Unique federal program focuses on CR families

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Local advocates plan for when funding, resources end

Cedar Rapids is one of only five cities in the nation chosen for a federal demonstration project to help homeless or near homeless families with an open child welfare case.

Kelli Malone, chief program officer at Four Oaks, serves as project director of Partners United for Supportive Housing in Cedar Rapids, or PUSH-CR. The program currently serves 66 families — 80 parents and caregivers and 139 children.

“One of the goals of PUSH-CR is to keep enrolled families preserved and unified,” Malone said. “If children are already living with relatives or in foster care at the time of enrollment, we want to get them back as quickly as possible with their family.”

It’s this aspect of the program, and the supports in place to achieve the goal, that make it unique.

“Even if some of these families are able to access affordable housing, they are still caught in a cycle of homelessness and trying to overcome existing challenges,” she said.

“In some cases they’ve burned bridges — haven’t paid rent or have done damage, and have gotten evicted. It contributes to a downward spiral, making it even more difficult to find housing again.”

This house in the 500 block of 16th Street SE has been renovated and will be a home ownership incubator, or rent-to-own, house under a Four Oaks Affordable Housing Network initiative to transform the Wellington Heights neighborhood. Photographed on Monday, May 13, 2013, in Cedar Rapids.
This house in the 500 block of 16th Street SE has been renovated and will be a home ownership incubator, or rent-to-own, house under a Four Oaks Affordable Housing Network initiative to transform the Wellington Heights neighborhood. Photographed on Monday, May 13, 2013, in Cedar Rapids. (Liz Martin/The Gazette)

Breaking the vicious cycle requires more than access to shelter. PUSH-CR offers supportive housing, meaning that additional contacts, tailored to the needs of the specific families, are engaging with tenants to minimize behaviors that perpetuate problems before they become another barrier to success.

And while clients have overwhelmingly found success in this type of environment — only two have dropped out — the reality is that individual challenges are complex and nuanced.

“Some people believe families will come into a program, and they will suddenly begin a straight path to where they need to be. That’s unrealistic,” she said. “People and families don’t work that way. They move forward, and they step backward, Sometimes they go in circles.”

To illustrate, she told the story of a couple, a man and a woman, who entered the PUSH-CR program with substance abuse challenges. Initially, both did better, but they later relapsed. While the woman ultimately left the program, the man redirected his efforts. He once again tackled his demons by entering treatment and is now looking forward to welcoming his children back into his home.

“We have to hang in there with these families. We have to remember to expect success. We have to take every family individually and really engage with them and find out what their goals are and work with them to build a plan to make it happen. But, when they deviate from that plan, we can’t give up on them,” she said.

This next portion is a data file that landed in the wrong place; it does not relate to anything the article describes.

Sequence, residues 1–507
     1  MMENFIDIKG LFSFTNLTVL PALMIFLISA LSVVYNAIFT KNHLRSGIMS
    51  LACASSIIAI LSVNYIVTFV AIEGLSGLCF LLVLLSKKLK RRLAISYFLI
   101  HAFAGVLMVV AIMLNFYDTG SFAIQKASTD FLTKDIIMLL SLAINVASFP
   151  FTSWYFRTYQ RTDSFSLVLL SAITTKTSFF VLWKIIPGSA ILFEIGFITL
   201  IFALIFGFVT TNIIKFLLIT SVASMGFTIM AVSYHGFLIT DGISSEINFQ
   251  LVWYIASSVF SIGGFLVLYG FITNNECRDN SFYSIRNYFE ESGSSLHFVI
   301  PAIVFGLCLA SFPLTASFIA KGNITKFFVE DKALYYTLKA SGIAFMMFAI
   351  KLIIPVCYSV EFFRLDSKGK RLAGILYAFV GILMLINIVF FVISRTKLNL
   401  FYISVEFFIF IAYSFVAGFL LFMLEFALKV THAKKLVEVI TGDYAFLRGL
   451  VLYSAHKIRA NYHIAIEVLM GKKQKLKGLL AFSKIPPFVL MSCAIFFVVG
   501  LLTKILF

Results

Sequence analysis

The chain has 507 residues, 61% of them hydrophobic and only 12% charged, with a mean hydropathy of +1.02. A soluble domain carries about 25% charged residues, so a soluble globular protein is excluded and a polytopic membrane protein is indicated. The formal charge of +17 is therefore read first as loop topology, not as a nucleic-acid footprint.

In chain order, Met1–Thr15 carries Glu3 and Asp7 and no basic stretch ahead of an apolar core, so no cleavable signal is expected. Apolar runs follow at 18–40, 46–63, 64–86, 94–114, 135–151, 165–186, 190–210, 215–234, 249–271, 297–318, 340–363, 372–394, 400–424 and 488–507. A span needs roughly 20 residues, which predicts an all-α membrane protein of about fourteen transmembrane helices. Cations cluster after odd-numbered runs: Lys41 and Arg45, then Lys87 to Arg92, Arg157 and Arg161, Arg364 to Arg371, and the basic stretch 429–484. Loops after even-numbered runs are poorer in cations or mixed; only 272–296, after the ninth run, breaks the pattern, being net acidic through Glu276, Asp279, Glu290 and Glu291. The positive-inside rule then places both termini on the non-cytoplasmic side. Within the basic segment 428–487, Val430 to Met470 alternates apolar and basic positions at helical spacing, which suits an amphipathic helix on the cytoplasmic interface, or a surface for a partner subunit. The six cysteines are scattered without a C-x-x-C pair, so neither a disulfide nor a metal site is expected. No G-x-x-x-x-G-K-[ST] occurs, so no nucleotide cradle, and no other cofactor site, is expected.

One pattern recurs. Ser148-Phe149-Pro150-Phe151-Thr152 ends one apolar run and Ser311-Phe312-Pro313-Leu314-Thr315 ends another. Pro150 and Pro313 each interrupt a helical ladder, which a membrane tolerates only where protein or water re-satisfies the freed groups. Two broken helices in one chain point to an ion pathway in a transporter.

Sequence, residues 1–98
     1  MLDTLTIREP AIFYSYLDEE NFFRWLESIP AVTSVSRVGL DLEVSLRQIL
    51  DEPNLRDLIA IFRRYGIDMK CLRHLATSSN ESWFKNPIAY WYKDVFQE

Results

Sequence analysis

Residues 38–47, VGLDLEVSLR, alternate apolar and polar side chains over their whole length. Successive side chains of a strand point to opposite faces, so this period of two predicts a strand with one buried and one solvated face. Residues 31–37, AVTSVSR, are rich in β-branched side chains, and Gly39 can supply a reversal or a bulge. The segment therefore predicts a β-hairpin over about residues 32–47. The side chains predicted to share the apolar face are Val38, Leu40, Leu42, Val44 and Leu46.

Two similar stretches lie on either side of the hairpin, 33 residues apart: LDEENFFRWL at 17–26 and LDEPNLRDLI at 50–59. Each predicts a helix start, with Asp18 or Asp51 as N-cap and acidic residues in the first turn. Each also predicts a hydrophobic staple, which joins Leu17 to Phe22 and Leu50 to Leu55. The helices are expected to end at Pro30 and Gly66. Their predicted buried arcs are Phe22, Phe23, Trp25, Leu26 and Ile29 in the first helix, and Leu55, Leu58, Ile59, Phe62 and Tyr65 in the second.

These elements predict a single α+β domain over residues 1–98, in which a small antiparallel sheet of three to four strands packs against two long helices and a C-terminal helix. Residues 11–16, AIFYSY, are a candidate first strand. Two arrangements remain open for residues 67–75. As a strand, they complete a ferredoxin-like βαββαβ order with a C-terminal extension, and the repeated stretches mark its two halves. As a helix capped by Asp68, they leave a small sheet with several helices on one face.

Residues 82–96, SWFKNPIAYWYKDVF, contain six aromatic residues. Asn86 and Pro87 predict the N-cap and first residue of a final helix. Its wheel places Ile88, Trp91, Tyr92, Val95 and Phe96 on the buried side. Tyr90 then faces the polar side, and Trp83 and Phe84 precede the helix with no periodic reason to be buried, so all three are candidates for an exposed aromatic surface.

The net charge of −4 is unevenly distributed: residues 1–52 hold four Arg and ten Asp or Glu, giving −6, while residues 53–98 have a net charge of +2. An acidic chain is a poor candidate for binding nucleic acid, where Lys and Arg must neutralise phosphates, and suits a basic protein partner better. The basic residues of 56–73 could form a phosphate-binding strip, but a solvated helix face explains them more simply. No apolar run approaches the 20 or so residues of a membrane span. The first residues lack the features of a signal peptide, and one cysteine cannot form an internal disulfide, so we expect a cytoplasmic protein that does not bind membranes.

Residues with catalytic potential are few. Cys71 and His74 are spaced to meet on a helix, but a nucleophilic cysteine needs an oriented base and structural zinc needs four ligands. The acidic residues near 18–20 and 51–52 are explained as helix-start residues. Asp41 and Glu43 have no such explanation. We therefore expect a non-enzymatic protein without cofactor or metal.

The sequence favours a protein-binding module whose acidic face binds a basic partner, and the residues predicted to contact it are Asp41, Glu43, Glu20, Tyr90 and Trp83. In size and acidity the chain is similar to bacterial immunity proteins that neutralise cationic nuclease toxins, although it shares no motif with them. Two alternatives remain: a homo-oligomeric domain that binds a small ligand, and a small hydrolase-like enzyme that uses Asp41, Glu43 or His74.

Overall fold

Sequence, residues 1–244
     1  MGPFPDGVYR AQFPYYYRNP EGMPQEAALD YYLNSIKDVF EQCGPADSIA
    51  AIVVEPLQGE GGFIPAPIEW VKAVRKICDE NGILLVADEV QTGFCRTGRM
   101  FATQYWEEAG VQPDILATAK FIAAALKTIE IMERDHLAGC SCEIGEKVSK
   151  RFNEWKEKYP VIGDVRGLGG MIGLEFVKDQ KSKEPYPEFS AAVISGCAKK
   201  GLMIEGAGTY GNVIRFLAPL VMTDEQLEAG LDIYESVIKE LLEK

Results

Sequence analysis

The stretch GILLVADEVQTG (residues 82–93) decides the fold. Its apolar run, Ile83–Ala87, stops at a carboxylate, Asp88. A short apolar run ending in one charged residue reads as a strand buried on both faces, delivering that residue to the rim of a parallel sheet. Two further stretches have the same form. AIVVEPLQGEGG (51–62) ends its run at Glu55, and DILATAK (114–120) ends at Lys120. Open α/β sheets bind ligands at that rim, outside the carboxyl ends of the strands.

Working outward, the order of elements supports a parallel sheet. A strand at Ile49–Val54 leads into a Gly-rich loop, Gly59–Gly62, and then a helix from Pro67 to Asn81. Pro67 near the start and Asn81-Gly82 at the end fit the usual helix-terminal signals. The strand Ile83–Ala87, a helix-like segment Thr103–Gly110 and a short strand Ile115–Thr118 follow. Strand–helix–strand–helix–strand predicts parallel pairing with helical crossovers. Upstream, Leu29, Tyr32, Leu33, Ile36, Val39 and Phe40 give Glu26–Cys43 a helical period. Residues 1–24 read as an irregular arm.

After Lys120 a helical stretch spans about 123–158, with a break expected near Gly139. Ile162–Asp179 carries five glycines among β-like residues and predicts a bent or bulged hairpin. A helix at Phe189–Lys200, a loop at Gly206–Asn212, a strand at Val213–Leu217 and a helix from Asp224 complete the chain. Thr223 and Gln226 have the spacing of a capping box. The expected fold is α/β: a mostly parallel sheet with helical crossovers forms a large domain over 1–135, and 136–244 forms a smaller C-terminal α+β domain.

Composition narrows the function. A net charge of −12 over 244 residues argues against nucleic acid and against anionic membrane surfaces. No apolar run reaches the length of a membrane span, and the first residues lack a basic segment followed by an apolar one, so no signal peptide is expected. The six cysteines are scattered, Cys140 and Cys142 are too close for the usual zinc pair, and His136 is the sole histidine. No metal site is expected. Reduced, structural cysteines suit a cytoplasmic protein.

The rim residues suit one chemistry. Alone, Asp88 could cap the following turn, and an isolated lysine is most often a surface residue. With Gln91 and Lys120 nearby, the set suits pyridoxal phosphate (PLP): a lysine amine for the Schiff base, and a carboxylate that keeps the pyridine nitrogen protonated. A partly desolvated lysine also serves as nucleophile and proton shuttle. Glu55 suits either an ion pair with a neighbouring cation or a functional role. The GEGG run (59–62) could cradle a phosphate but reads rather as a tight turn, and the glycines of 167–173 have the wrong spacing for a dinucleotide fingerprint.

“We hang in there. We tell them, ‘You were successful. You can be successful again — and here’s the work you need to do to get there.’”

The program has already sparked worthwhile process changes. For instance, before PUSH-CR, the Department of Human Services didn’t assess families at intake for housing status. Now those assessments are routine and, if the family is in an unstable housing situation, DHS digs deeper to determine eligibility for PUSH-CR.

Although the initiative is limited to a five-year window, ending in September 2017, participants and the 22 collaborating agencies and organizations involved are already looking for the program’s components that can be feasibly continued on a local level.

“We realize that the technical assistance and resources provided through a federal demonstration project can’t be replicated locally,” Malone said. “But we’ve worked together to identify four key components within the program that we hope to sustain.”

Through a series of joint meetings, four areas have been identified: affordable-supportive housing, family team meetings, service coordination and provider communication and quality assessments

“The work that our community has to do between now and 2017 is figure out how to sustain these four components,” Malone said.

The unique level of support offered in the demonstration project — meetings between the family and a host of representatives ranging from court personnel to social service organizations — give participants a individualized service coordinator and a single plan forward. Instead of being required to meet two or three different expectation documents, participants have a unified set of goals and strong communication between all the agencies that have contributed to it.

Still, the primary need of PUSH-CR is the primary need of every organization that is battling home insecurity: housing. Incorporating added supports into the housing mix only makes the goal that much more of a challenge ­— one that the community must answer sooner rather than later.

 

This column by Lynda Waddington originally published in The Gazette on January 24, 2016. Photo credit: Liz Martin/The Gazette